This is an inconvenient fact the investment industry is either ignorant of, or chooses to ignore.

The investment industry’s relevance is heavily tied to the fortunes of the share market. Therefore, all marketing efforts are built around reinforcing the belief that, in the long term, shares go up. Selective data is used to validate the marketing message. It’s this “cherry picked” data that enables the industry to perpetuate the myth.

The following graphs show you how the promoters can manipulate the message.

The first graph is the movement of the Australian share market (All Ordinaries index) from 1983 to September 2011. This graph, like the CommSec graph in Chapter One, shows the market’s 15-fold increase over a 25-year period.

The trajectory wasn’t always smooth. The investment industry uses the bumps in the road — 1987 crash, mid-1990s Asian crisis, and 2000 “tech wreck” — to highlight the resilience of the share market, and to add credence to their claim of the share market always recovering to post new highs.

To the average investor, this certainly appears to validate and reinforce the belief that, in the long term, markets go up.

all ords index

[Click to enlarge]

The second chart (below) is an extended version of the above chart.

The difference is the next chart goes back to 1970. You can see the 13-year period prior to 1983 was a vastly different experience for share market investors. There was no 15-fold increase; in fact, there was barely any increase at all. 

During the 1970s and early 1980s, interest rates rose from 3% to over 16%. Gold soared from US$35 per ounce to over US$800 per ounce. While all this action was going on in other assets classes, shares were running up and down on the spot, struggling to maintain their relevance in investor portfolios.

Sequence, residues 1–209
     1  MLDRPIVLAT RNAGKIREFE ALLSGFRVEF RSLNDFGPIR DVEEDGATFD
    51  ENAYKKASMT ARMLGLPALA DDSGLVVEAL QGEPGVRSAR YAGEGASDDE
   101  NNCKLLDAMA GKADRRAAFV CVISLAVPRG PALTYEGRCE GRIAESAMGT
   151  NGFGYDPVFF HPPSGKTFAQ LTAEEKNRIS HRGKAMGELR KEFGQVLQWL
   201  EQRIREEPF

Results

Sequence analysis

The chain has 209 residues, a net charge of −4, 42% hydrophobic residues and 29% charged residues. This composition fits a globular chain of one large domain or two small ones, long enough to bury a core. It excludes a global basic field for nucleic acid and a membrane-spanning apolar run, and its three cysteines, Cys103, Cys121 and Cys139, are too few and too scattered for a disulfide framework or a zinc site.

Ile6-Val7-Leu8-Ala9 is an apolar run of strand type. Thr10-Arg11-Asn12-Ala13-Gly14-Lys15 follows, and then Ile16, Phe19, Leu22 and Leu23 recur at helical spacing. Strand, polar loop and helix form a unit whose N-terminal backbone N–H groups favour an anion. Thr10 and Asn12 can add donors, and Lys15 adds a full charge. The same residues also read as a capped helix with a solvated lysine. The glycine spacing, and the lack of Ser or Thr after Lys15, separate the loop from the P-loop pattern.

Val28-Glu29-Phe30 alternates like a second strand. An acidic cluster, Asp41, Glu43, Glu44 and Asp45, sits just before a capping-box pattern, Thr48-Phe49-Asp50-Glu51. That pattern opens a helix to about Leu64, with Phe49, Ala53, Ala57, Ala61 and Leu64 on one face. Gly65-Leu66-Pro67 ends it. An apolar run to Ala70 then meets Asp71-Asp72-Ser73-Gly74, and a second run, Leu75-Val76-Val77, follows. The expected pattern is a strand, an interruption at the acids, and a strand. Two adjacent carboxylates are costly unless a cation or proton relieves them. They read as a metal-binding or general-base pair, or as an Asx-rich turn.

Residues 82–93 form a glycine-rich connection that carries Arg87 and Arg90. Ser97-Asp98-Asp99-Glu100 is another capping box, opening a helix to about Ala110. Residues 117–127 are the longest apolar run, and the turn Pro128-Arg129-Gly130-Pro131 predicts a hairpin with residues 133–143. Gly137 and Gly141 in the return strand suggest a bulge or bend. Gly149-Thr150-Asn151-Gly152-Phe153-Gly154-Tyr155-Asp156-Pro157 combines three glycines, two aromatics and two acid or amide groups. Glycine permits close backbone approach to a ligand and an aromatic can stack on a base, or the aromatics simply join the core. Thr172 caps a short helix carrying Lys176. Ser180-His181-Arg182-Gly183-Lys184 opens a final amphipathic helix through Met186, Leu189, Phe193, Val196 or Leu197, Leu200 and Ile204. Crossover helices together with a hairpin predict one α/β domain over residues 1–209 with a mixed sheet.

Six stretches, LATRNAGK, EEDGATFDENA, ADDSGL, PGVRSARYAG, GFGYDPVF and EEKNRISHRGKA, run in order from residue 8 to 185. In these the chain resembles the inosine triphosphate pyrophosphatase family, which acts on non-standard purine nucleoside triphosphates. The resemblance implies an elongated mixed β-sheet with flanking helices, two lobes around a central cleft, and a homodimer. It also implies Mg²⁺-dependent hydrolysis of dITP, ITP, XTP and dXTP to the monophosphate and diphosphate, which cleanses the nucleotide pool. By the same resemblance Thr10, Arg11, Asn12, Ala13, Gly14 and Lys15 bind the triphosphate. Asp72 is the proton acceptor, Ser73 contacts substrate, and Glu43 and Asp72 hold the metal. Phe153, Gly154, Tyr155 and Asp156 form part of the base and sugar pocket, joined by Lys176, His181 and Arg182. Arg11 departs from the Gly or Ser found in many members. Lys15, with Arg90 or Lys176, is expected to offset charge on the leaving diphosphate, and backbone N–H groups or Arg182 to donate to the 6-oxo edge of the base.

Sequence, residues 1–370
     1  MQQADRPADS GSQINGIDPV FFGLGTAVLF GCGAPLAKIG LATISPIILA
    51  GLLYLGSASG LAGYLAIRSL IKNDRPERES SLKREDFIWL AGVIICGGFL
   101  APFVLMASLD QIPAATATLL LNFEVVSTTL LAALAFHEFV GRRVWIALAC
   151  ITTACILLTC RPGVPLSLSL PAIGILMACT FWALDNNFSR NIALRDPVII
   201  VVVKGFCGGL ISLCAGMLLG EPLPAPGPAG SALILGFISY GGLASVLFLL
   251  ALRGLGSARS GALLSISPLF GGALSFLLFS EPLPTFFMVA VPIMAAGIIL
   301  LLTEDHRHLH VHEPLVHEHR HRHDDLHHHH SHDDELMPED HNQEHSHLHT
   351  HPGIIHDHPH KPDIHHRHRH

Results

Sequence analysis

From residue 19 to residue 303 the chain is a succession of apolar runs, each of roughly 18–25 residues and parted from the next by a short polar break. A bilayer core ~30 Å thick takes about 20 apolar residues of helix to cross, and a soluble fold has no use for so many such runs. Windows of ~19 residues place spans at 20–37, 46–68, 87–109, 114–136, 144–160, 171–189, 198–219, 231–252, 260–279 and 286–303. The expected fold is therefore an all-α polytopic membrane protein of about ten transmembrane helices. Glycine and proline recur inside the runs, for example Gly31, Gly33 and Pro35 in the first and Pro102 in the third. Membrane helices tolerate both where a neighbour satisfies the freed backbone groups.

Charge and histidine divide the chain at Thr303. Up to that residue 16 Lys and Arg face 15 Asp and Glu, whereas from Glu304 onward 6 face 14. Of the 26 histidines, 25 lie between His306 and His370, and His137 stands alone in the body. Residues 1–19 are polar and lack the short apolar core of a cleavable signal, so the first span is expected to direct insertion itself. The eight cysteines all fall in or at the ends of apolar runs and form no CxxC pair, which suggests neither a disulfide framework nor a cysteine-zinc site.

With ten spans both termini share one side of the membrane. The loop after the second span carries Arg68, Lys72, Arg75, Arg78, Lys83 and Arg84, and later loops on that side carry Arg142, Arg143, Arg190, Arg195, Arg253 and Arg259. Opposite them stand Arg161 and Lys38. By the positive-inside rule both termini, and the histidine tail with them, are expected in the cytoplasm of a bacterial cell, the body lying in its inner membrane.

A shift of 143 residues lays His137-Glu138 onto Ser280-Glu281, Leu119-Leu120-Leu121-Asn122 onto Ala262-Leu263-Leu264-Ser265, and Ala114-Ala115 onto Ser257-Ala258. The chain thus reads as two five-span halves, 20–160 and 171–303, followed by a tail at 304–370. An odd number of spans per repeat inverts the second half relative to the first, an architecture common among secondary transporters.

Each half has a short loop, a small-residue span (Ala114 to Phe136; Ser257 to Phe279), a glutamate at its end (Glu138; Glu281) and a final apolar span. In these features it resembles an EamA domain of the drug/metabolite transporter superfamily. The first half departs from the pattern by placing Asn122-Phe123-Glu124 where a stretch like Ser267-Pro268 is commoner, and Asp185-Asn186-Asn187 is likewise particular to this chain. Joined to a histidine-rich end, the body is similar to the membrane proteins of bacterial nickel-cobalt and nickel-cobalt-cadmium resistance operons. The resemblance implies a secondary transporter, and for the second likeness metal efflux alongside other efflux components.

This rather dire period in the market’s history is conveniently airbrushed out of the industry’s marketing efforts. Every share market graph I’ve seen from the industry starts in the early 1980s.

all ords index

[Click to enlarge]

These two distinct periods in the history of the share market are known as Secular Bear and Secular Bull markets.

Secular is another way of saying “long-term trend”.

For example, if we look at the 1982–2007 period, there’s a clear long-term rising trend — known as a Secular Bull market.

Falling inflation rates, rising levels of debt-fuelled consumption, falling interest rates, baby boomers’ consumption, low oil prices and the introduction of technology all drove this trend of higher share prices.

However, the rising trend was not without its hiccups. There were short-term bear markets — the most notable setbacks being the 1987 “crash” and the 2000 “tech wreck”.

In broad terms, the All Ords’ progress during the Secular Bull market can be best described as “three steps forward and one step back”.

A close inspection of the 1970–82 Secular Bear market (the Secular Bear market actually commenced in the late 1960s) shows the market also had times when it moved in an upward (bullish) trend, only to surrender those temporary gains to the negative trend.